RIP Edie Windsor

by Ian Carlos Crawford

“That’s…that’s Edie Windsor, right?” I asked one of the owners of The Stonewall Inn.

“Sure is,” she said back.

“Am I allowed to ask her for a selfie?”

“Of course. She’s super sweet, she’ll probably say yes.”

I’d been photographing drag shows and parties at The Stonewall Inn for a most of my time in NYC. But this, this was one of, if not the, biggest photo job I’d ever had — the Stonewall National Monument induction ceremony. It was being held at the bar where the fight for LGBTQ rights was started and inside of that bar, I was looking at the woman who sued the god damned government and would eventually lead us down the road to marriage equality.

I walked through a sea of senators (oh hey Kirsten Gillibrand) and Secret Service members to say hi to the tiny Edith Windsor. She was seated on a stool by the front door, with the iconic neon Stonewall sign right behind her.

“Hi, I’m sorry, I’m the photographer for Stonewall and…I wanted to come over and say hi and — you are such a god damned badass,” I said, scrunching my hands to my chest. She laughed and put her hands in the air.

“You’re so cute! What’s your name?” Edith asked me, while grabbing my hand. She brought me in close so she could hear me and gave me a light hug. I asked for a selfie. She told me to take down her email so I could send her our picture together.

I almost cried.

Ian and Edie at Stonewall

Edith Windsor will go down in history alongside Marsha P. Johnson, Sylvia Rivera, and other queer icons as having changed the course of history for the LGBTQ community. She sued the government over a tax refund. Which, of course, makes it sound way less serious than it was.

When Windsor’s long-time partner Thea Spyer died, she was required to pay an insane amount of money just because Spyer was a woman. DOMA, signed into law by President Bill Clinton in 1996, was an archaic law that banned the federal government from recognizing same-sex married couples. Even though they were married in Canada, their marriage was not recognized here. So, Windsor had to pay tax for the estate her spouse had left her. It didn’t matter to the government that Spyer and Windsor had been together for 40 years. Windsor told the New York Times, of her first night meeting Spyer in Greenwich Village, “By the end of the evening, I had danced a hole through the bottom of one of my stockings.”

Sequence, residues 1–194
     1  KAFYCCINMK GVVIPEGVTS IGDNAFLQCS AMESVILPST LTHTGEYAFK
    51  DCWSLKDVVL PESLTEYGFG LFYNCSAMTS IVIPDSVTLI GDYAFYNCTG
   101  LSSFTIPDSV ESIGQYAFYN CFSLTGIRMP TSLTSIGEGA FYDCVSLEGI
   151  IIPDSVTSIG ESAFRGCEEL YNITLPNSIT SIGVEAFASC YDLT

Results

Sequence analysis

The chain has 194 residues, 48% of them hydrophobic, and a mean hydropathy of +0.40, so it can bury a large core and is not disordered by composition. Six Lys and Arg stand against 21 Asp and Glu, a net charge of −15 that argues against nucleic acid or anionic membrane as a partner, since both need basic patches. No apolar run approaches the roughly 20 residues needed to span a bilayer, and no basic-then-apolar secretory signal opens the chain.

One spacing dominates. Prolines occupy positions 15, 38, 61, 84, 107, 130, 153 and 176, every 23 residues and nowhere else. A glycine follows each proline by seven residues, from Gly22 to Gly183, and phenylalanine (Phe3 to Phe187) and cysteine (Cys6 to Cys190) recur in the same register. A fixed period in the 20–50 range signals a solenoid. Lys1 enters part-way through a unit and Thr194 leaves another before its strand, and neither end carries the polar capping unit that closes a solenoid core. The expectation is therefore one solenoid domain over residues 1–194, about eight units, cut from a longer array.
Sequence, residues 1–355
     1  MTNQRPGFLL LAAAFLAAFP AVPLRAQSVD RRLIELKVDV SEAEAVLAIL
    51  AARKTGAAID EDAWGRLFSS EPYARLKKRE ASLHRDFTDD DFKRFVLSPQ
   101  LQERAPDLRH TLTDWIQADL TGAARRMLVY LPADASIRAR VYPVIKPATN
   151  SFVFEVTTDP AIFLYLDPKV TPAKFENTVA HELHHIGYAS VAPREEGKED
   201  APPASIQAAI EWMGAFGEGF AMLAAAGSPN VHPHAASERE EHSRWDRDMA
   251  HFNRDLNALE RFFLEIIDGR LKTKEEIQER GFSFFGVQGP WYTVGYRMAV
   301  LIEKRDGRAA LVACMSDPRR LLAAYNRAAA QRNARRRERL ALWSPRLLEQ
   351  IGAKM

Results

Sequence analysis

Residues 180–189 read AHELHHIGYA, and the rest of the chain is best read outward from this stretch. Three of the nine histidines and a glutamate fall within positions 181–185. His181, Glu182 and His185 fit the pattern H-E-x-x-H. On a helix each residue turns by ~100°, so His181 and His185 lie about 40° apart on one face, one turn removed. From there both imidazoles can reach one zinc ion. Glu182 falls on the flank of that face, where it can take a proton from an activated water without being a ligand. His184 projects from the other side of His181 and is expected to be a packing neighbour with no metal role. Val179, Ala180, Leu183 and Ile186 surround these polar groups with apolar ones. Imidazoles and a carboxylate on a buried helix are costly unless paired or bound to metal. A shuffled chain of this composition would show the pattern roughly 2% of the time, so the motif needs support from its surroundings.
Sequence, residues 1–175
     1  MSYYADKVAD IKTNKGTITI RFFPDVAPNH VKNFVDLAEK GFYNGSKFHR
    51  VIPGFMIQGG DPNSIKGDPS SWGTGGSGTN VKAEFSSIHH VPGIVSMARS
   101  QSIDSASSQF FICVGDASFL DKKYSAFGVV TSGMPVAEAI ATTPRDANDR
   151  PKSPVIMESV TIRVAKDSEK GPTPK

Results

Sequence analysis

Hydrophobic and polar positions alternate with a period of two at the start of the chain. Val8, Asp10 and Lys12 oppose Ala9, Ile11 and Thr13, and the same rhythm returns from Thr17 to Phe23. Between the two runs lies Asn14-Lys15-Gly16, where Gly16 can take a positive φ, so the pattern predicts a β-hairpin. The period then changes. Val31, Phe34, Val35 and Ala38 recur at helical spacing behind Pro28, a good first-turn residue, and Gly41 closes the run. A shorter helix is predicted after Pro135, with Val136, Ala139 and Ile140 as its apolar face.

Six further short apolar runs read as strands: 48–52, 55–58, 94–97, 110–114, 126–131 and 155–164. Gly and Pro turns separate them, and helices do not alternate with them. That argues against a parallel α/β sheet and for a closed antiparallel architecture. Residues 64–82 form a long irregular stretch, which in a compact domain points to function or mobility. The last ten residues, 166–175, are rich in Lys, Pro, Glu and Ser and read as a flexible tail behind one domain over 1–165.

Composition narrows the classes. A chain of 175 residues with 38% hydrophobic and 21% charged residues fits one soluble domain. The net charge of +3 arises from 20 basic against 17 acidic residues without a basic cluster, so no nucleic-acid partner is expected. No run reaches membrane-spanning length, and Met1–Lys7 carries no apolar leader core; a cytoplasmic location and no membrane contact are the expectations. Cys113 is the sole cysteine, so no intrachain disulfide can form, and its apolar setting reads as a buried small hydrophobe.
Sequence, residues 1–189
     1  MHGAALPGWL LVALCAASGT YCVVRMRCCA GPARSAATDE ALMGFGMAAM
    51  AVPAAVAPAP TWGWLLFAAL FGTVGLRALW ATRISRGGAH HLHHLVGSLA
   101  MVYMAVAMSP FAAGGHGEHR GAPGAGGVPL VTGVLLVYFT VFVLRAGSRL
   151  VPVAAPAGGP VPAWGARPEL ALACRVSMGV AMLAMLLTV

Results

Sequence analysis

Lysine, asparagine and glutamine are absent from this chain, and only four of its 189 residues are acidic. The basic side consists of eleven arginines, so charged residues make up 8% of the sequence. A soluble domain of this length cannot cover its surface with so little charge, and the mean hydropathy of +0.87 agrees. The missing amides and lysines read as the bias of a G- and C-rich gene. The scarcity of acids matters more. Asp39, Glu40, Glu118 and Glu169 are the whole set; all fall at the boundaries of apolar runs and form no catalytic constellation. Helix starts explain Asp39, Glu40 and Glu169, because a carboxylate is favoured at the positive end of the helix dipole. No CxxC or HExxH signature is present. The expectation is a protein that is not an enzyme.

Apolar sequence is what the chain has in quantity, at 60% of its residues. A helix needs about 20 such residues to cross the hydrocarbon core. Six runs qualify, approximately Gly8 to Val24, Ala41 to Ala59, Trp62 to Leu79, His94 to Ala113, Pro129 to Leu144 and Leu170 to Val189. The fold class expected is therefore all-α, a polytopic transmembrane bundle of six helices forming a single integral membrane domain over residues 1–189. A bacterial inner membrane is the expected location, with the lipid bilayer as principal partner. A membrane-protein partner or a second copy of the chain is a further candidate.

And, as The New York Times said of Windsor’s case, “But for thousands struggling for gender equality, the stakes went far beyond tax advantages available to married heterosexuals, including Social Security, health care and veterans’ benefits; protection in immigration and bankruptcy cases; and keeping a home after a spouse had died, as well as food stamps, green cards and federal aid to the poor, the elderly and children.” I can remember myself watching the case closely even if I wasn’t quite sure the exact details of the tax refund, I knew the case was a big step forward for marriage equality.

I’ve only cried at handful of celebrity deaths. But most of them have been at queer icons like Prince and David Bowie. Edith Windsor’s death hit me in the same way. I read the news and started tearing up — she was the same age as my late grandmother whom had passed away a few months earlier. I remember telling everyone, “Edie Windsor reminded me of Grandma Panchy, only a lesbian and not Puerto Rican.” I was meeting Queer Royalty and the most eloquent word that came to my mind was “badass.” I was a hungover, sweaty mess that day on June 24th but Windsor was nothing but warm and welcoming to me. On the day of her death, I learned that in our selfie together, she was wearing the pin her late partner Spyer had proposed to her with — a circle pin with diamonds covering the circle. It was a pin she had worn every day. And yes, I did gay gasp and then immediately ugly cry after finding that out.

Windsor opened the induction ceremony with the pledge of allegiance, her head barely making it above the podium. She had to lower the mic so she could reach it. It was the most charming Pledge of Allegiance I think I will ever witness in my lifetime. And I know I was lucky to witness it and meet an absolutely iconic LGBTQ activist.

About the Author:

Ian Carlos Crawford grew up in southern New Jersey and, like most people from NJ, he graduated from Rutgers University. He then graduated from New School with an MFA in nonfiction writing. His writing has appeared on sites like Geeks Out, BuzzFeed, NewNowNext, and other random corners of the internet. He currently co-hosts a podcast about his favorite thing, Buffy the Vampire Slayer, called Slayerfest 98 and is shopping around his fiction manuscript (you can view the book trailer here). Follow him on Twitter @ianxcarlos

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